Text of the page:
Reimagining Belfast

Conor Caldwell

Reimagining Belfast

Fiddle-player Conor Caldwell's diverse new album is inspired by both the historic work of collector Edward Bunting and the sounds of contemporary Belfast, writes Toner Quinn.

Conor Caldwell’s 2016 fiddle recording with Danny Diamond, North, was edgy and meditative, the emphasis on raw, spontaneous, unaccompanied duets.

Albums such as North appear to be a response to what writer Alex Ross calls the ‘cult of precision’ in modern recorded music; scrapes and the sense of a live performance are in, concern about technical perfection is out.

But North had more too – a creative use of double stopping and harmony to accompany each other’s fiddle, and real freedom in some of the melodies, such as ‘The Irish Washerwoman’, where the two fiddles pause on a high note, completely stopping the famous jig in its tracks.

Caldwell’s new solo album, To Belfast…, contains nine tracks, and while there is solo fiddle playing, there is also electronics, free improvisation, recordings of nature, sound manipulation and more.

The album is in part inspired by Edward Bunting, the 19-year old Armagh organist who, in 1792, attended the Belfast Harp Festival and notated as best he could the music of 11 harpers. Documenting the last embers of the ancient Irish harping tradition became Bunting’s life’s work, and his several collections are at the heart of the modern Irish harping resurgence today.

Caldwell combines the inspiration of Bunting with affection for his home, Belfast. He writes on the sleeve notes: ‘The Belfast which Bunting and his friends imagined is one which I believe is slowly coming to fruition’. 

Endearing charms
The album begins with a version of the song ‘Eibhlín a Rúin’ with an electronic wash created by Kevin McCullagh as accompaniment. Caldwell’s fiddle-playing is plaintive, vulnerable; with a minimum of ornamentation, he leans on notes and double-stops, stretching the tonality to add to the atmosphere.

From there, the tracks generally become shorter. ‘Let Erin Remember’, a version of a tune from an 1840 Bunting manuscript, is similarly wistful. He begins with pizzicato accompaniment, then plucks the tune also, before bowed melody and electronics come in. ‘Believe Me if all those endearing charms’ is reminiscent of North, a set of solo fiddle inspired by Tommy Potts, gradually bringing in drones and harmony, yet just as it starts to develop compositionally it surprisingly stops.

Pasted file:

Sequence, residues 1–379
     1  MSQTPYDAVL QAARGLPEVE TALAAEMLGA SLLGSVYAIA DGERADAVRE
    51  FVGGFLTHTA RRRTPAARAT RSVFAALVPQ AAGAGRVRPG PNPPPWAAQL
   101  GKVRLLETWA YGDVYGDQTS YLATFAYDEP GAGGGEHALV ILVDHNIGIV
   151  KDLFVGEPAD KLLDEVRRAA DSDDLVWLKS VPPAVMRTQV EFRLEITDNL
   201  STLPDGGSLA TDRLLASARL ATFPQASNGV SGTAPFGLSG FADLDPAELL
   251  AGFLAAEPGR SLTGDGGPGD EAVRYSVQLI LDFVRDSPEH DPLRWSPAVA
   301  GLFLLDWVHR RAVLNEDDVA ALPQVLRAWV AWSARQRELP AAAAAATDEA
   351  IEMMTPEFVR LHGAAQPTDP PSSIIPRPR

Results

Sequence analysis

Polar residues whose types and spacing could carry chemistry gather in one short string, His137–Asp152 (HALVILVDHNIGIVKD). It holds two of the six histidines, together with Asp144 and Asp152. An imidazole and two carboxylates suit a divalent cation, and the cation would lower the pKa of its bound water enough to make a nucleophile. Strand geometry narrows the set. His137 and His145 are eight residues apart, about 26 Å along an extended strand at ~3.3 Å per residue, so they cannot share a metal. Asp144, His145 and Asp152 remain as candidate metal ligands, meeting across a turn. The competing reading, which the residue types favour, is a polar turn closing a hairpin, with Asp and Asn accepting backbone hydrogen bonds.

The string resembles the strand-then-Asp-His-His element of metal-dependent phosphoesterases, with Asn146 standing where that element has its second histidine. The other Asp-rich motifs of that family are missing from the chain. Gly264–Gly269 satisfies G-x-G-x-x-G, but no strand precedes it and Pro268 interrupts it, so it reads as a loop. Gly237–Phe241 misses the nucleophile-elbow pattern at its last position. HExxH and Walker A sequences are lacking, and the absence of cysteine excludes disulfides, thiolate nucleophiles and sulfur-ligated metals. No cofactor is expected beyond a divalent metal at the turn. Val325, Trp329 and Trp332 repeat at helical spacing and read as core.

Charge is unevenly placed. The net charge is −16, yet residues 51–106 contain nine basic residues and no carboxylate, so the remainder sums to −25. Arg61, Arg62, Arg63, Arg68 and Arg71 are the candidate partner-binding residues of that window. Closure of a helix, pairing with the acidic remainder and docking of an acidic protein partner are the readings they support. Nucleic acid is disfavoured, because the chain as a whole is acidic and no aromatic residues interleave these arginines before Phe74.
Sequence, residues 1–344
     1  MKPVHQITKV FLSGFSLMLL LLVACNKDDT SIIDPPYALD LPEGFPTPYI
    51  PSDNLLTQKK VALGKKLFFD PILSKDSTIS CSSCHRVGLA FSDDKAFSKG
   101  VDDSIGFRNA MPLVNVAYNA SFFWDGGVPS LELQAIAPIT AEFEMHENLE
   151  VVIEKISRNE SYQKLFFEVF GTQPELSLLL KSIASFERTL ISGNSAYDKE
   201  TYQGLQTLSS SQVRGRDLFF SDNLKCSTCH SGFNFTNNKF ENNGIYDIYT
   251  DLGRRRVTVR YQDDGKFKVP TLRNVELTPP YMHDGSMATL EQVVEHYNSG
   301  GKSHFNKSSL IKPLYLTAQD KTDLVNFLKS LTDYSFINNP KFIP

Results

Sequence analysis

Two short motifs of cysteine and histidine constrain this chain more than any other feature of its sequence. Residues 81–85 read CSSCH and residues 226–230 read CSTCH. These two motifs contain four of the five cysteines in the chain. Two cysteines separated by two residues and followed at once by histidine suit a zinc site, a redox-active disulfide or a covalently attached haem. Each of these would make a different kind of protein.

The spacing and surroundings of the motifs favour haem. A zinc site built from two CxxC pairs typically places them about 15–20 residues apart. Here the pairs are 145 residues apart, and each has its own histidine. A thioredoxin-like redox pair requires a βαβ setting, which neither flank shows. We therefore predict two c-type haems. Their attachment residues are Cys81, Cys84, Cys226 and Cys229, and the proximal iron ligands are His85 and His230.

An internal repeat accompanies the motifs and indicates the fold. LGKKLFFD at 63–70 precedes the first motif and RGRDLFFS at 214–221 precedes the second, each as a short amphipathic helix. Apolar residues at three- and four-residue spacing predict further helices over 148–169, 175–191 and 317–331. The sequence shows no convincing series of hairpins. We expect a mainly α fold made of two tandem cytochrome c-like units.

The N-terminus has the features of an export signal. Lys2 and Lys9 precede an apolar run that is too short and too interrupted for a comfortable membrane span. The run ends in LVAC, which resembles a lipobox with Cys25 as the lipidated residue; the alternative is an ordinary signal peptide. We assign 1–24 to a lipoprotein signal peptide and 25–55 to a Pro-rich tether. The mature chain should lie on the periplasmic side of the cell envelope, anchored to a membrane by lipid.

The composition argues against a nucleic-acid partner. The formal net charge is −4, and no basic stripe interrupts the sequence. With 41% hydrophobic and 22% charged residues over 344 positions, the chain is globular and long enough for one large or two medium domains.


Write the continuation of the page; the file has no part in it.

Tuning preludes
MS 6 No. 4: 1’ is a solo of three tunes from the Bunting manuscripts (which are held in Queen’s University), but while the fiddle-playing is engaging, the recording really stretches the rough aesthetic, with the fiddle aurally moving away from the mic. ‘Prelude’ feels like one of the more developed pieces and offers an excellent chance to hear Caldwell’s free style. Based on the tuning preludes that Bunting noted down from the oldest harper, Denis Hempson, Caldwell’s piece winds through improv, jig, improv, march, before ending with fragments of the prelude again. 

‘A Walk in the Park’ is two minutes and fourteen seconds of electronic reflection, mixing bird song and manipulated notes from the fiddle. It seems closest to Caldwell’s theme of affection for Belfast, but again it draws to a close just as you begin to perceive the different sounds.

‘An Art Revealed Brings Shame’ and ‘Bunting at the Belfast Harpers’ Festival 1792’ are short compositional sketches, the latter featuring Tess Taylor reading her poetry. Here we have a line which seems to have resonance for the whole album: ’…some people say Ireland can be a new country’.

There is much to be said about Belfast musically, but the tracks on To Belfast… feel like they needed more gestation. Many seem short at two or three minutes, and more could have been done with the musical material and concepts that Caldwell has come up with. Is there strength in brevity? Perhaps, but I found myself returning to the slightly longer opening track ‘Eibhlín a Rúin’. Here there is melancholy and simplicity combined with intent that seems to capture the mix of history and aspiration that lies deep within this album.  

To Belfast… will be launched at the Black Box in Belfast on 13 May. Visit

Published on 2 May 2018

Toner Quinn is Editor of the Journal of Music. His new book, What Ireland Can Teach the World About Music, will be published on 1 February 2024 and is now available to pre-order. Visit

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